The university’s third priority research area is aging. A recent strategy meeting at Wanfang Medical Center discussed that hospital superintendent’s research collaborations with Nagoya and Matsumoto. This followed a TMU fact-finding delegation’s visits to both cities that studied Japanese gerontological care approaches that might offer useful insights. As the Ministry of Health and Welfare is developing long-term care and other services for Taiwan’s elders, TMU is supporting these efforts with both clinical and basic studies.
In terms of predicting future directions for progress, Chairman Chang said biomedical research is progressing the fastest. For example, the time required for human genome analysis has fallen from five years to just 30 minutes using new technologies. “You can see that the progress is fast, but we need to focus on ‘What are the medical needs?’ ” he said. TMU is doing this with priority research programs in neurology, cancer and geriatrics that address the most pressing needs of today’s health care systems.
How changes affect students
The university’s educational and service missions are being transformed as well. For example, TMU started requiring a computer software “coding course” this year to help students add more to their clinical and research fields.
Other changes look far beyond the TMU campus to engage useful educational resources. “In the 1970s and 1980s, many Taiwan graduates went to the U.S. and U.K. for postgraduate studies – but now we have the problem that they want to stay in Taiwan,” the chairman said. “This is not good: Taiwan needs to globalize.”
The university’s answer to this problem has been to increase programs that encourage outbound students to make use of opportunities abroad, and to promote these opportunities with funding support and expanded publicity.
Chairman Chang said another change from his own era as a student at Taipei Medical College is a vast expansion of English-friendly programs and international student recruitment: “I’m also glad to see so many international students presenting in English and asking questions at TMU events. It’s a good educational environment now.”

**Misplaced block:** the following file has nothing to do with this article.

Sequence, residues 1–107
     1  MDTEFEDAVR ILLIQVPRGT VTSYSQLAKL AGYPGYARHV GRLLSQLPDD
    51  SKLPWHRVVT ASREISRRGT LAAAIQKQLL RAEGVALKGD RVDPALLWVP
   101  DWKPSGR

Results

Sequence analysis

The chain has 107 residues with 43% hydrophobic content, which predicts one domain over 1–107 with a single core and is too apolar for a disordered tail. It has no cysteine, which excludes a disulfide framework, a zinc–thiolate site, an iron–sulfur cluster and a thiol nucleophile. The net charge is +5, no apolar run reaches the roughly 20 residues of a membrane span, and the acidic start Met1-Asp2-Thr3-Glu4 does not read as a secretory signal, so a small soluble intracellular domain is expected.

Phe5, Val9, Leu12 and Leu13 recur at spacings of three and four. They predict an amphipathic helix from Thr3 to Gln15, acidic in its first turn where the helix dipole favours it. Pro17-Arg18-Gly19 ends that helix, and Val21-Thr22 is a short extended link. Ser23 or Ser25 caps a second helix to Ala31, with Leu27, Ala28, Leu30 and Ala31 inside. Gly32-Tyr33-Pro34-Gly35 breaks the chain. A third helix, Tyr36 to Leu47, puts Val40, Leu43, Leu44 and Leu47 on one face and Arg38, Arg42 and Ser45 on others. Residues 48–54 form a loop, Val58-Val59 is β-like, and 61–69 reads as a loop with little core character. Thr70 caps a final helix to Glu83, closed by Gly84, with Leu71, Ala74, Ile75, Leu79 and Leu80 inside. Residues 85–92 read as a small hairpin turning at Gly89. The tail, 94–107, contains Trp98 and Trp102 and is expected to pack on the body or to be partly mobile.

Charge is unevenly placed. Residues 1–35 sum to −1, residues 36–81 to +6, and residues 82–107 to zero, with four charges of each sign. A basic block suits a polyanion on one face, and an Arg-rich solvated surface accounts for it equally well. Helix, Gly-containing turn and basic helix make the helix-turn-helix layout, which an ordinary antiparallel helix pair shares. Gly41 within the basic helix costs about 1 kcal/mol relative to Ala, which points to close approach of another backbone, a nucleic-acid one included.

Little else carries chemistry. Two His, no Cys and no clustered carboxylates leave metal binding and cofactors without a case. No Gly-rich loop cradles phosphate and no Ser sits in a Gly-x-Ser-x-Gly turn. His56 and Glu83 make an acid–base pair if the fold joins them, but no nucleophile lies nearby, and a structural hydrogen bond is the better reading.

Yet he spoke of other changes over the decades, particularly the much greater pressure on students to compete with professional publications. “In our era, if you wanted to purify a protein, it took three years. Now it takes one week. Molecular biological tools make these tasks very easy, but the progress of research makes competition tougher. … Now high impact factors are important in building careers.”
It’s harder to recruit young researchers because they consider this pressure, and they wonder whether they will have enough ability to succeed, Chairman Chang said. “For example, I’m involved in the selection of winners of the Tang Prize [awarded biennially in Biopharmaceutical Science and other fields]. Last year(2016) it went to a very young researcher in MIT, only 35 years old.” But his work on CRISPER/Cas9 contributions earned him this prestigious global award together with two other distinguished scientists.
“If you have a good idea and study hard, you can do a better job than we did. But even then, we had to work nights and weekends,” he laughed. His advice to young researchers takes the faster pace of scientific progress into account, but does not candy-coat the difficulties they will face: “You have more opportunities due to these better tools and reagents. This helps balance the tougher competition – but there’s no question that you must make more effort.”